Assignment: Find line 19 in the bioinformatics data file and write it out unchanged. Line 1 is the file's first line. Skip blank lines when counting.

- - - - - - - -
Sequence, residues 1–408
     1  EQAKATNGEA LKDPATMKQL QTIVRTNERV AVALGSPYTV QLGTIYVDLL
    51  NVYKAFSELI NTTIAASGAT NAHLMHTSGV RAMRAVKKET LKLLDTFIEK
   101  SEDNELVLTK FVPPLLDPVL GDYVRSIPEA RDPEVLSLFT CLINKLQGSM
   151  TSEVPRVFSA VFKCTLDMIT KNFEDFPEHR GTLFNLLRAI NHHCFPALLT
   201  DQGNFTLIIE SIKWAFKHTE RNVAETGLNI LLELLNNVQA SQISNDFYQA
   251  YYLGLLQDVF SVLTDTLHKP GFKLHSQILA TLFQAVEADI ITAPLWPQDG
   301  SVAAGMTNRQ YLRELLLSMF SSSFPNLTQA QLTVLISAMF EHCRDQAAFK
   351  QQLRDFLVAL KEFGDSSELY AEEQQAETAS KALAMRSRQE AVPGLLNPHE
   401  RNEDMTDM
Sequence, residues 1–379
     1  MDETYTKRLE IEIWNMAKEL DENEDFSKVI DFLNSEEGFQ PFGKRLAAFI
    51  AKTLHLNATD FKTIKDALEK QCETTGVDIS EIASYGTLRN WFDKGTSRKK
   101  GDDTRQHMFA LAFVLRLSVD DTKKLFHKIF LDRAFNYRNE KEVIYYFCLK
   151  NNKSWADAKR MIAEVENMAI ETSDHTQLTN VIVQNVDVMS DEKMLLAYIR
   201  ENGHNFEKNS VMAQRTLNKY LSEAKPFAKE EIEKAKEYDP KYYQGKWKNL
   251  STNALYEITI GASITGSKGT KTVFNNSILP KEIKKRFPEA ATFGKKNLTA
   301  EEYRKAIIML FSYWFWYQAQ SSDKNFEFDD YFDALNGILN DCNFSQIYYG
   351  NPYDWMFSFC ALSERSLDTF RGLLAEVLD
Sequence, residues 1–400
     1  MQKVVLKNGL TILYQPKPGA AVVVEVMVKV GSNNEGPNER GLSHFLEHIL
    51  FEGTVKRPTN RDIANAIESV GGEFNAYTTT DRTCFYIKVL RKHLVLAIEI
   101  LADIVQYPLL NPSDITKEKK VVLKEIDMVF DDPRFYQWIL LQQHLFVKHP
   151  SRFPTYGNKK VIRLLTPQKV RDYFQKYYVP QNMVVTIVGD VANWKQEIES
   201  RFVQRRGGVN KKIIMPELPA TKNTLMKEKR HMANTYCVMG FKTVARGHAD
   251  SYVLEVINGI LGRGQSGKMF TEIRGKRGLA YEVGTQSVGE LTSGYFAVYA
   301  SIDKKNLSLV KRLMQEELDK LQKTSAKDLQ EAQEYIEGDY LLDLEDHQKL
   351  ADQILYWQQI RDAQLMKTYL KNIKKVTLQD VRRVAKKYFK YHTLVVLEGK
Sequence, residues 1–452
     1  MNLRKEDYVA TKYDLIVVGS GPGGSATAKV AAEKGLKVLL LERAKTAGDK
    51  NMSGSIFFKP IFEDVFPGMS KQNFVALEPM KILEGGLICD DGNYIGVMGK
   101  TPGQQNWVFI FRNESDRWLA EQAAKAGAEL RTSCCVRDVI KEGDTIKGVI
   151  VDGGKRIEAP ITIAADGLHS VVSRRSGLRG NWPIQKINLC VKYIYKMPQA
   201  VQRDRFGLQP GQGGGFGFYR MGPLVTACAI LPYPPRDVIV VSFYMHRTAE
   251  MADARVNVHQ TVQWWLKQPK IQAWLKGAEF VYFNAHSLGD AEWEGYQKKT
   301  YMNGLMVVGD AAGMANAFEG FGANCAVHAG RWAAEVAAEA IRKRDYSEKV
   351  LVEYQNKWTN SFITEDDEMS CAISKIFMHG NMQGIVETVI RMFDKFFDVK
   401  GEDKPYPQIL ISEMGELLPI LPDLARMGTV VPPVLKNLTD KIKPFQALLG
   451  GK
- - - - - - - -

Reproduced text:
   351  NPYDWMFSFC ALSERSLDTF RGLLAEVLD